Youth for Eco-Justice: Hierald Kane-Osorto

My name is Hierald Kane-Osorto and I am currently a member of the 23rd Century Movement a group made up of committed people from the Global South and the Global North issuing a challenge: to live intentionally and solidariously with each other and Mother Earth in every moment, in the consciousness that each action affects the present and future life. My role is to provide support to several processes at the local, national, and global level as we work towards social transformation through a culture of peace. In addition, I am the Co-Chair of the World Student Christian Federation-North America and I am the North American representative on the Interfaith Youth Council and the Co-Convener for the North American Interfaith Youth Network both which are a part of Religions for Peace.

I am a currently citizen of the United States with roots in the country of my ancestors El Salvador; I grew up in a small Pentecostal church in Newark, New Jersey but have gone through a very exciting faith journey and have recently been connecting myself to the Lutheran church in the U.S. (ELCA) and attending Luther Place Memorial Place in Washington, DC. When I think about what I am most passionate about I would say the following: discerning some of the most critical issues of our day: our relationship with the earth, climate change, and sustainability and figuring out the role we play in addressing these as young people of faith ensuring that the world we are working towards is one that celebrates and honors creation. I am passionate about the power young people have to not only learn about these realities but to take hold of opportunities to provide real solutions for transformation.

As a person deeply connected with one of the most vulnerable country in the Americas, El Salvador, the second most deforested country after Haiti, and one of the countries most impacted by climate change: I want the negotiations on Climate Change in Durban to be about figuring out how our world can live the abundant life that our creator has given for all of us to have. I want the negotiations to be a place where the stories that I hear daily in DC from young people who do not have access to nutritious healthy foods, the stories of violence of my people in El Salvador and the deaths many young people have faced can be heard. I want Durban to be a place where we come out with a commitment, a responsibility to understand how the planet is intricately connected with the response we must take to the pressing needs of humanity. I want the leaders of the world to hear the cry of our people from around the world that have urged all of us to transform the systems that have caused so much destruction, I want the faith community to be the power that they are, to be the voice that, “discerns the signs of our times.” A powerful witness to who we should be in the world today.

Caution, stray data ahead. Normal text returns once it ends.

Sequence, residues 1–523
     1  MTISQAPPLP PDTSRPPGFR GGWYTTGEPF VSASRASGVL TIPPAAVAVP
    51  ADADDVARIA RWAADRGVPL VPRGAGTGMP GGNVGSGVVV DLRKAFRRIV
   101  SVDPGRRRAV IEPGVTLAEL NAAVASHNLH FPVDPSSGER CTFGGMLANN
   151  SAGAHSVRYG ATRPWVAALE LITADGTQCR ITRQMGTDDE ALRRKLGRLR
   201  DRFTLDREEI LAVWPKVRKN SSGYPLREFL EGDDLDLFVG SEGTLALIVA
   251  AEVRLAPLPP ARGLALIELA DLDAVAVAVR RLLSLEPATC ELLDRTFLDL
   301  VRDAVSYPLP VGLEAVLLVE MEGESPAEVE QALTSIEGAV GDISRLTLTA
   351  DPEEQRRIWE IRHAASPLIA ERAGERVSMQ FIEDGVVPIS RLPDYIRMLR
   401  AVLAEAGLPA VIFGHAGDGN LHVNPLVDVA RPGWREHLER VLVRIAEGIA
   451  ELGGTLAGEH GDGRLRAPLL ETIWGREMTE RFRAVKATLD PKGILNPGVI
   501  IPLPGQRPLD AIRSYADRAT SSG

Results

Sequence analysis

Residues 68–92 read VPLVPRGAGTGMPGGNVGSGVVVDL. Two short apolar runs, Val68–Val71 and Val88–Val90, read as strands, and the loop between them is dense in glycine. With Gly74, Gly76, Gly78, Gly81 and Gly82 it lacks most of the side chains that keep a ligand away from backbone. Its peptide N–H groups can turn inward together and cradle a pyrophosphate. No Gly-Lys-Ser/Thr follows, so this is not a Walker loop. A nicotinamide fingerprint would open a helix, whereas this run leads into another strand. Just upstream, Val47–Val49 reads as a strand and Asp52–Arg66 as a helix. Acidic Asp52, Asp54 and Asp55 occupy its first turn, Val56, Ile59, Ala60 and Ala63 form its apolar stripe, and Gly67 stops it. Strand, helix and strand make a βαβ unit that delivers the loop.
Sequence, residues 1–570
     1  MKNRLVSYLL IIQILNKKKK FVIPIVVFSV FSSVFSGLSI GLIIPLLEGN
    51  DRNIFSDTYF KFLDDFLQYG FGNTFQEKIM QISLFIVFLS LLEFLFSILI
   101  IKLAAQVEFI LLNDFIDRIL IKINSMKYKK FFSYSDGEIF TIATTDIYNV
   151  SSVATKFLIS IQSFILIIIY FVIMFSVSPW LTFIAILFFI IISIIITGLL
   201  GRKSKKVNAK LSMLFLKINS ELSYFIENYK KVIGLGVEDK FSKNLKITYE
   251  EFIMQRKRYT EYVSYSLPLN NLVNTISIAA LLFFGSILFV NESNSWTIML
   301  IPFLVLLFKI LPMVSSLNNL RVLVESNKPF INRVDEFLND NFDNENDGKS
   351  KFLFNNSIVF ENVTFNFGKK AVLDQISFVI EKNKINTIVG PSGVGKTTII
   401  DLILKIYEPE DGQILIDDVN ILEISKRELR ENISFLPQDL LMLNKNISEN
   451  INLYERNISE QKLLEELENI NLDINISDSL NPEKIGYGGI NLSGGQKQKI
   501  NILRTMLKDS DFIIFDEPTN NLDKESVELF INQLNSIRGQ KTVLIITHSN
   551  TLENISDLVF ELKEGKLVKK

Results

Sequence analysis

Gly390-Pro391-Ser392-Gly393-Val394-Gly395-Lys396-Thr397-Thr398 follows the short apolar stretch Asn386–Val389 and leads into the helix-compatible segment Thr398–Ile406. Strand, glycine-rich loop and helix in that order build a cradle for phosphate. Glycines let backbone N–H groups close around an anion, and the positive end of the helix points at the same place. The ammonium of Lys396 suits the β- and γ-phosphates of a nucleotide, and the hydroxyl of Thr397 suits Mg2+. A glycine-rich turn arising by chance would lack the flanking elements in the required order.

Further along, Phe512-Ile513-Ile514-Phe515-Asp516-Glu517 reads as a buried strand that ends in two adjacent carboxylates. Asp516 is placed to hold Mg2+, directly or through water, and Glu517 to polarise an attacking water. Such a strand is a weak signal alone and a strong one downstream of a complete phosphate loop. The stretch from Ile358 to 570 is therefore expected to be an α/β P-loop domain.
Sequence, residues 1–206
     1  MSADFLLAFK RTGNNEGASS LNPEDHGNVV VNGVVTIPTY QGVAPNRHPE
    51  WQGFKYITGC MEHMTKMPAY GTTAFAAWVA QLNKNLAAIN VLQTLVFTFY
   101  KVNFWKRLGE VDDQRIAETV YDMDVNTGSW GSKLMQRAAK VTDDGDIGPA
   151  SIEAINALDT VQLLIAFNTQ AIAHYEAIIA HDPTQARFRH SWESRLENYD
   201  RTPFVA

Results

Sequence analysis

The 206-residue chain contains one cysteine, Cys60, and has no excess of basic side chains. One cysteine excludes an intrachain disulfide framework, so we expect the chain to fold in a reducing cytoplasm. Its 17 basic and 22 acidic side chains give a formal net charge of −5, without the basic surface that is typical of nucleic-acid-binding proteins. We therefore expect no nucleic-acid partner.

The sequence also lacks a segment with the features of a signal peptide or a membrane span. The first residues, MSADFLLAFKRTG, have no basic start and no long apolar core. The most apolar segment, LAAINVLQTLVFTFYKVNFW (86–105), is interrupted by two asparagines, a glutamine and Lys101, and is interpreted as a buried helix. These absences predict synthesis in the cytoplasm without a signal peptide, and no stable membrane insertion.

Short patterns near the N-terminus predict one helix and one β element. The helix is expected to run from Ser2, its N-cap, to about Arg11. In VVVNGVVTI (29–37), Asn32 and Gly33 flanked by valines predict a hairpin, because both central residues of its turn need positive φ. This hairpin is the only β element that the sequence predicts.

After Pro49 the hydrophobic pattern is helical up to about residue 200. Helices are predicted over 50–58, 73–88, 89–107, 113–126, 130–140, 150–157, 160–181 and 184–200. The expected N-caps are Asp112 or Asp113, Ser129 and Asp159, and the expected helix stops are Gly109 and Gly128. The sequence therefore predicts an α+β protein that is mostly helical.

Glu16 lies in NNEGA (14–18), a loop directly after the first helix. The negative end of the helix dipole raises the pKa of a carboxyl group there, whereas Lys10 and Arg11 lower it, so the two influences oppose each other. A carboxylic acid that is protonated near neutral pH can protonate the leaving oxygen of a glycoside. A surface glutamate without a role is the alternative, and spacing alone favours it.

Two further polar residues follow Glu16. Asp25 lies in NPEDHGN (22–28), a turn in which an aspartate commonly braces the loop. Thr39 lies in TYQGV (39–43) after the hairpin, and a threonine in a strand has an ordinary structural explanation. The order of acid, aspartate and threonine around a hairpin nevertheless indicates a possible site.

When I think about the U.S. and the faith communities that I am involved in I think of my desire that they live out their prophetic voice, to move from a position that does not simply maintain the current production and consumption models that the global north has continually promoted but that reimagines the world as we need and starts creating it. I want our country and church to actively figure out with others how to truly live out the concept of “on earth as it is in heaven.” I want our churches to live out a life that follows in the footsteps of Jesus by living intentionally with others and the earth. I want this country to get to place of understanding solidariousness as my friend explains it “our ability to see ourselves as being one with the “other” and understand that every personal or collective action affects all of humanity and the planet, for these reasons we are called to a conscious practice.” There is a powerful quote by one of my heroines Grace Lee Boggs that I think sums it all up for me and the role I see myself having in this, it’s as follows: “Until I change, society will not change. When I change, society can change. Revolutions involve two-sided transformation. They are not just struggles for power. That’s a very macho view. Revolutions are {r}evolution.” At the end of the day my passions, convictions come down to one thing and that is love, may we all love like we have never loved before and move onward full of hope and strength.

In Solidarity,

Hierald

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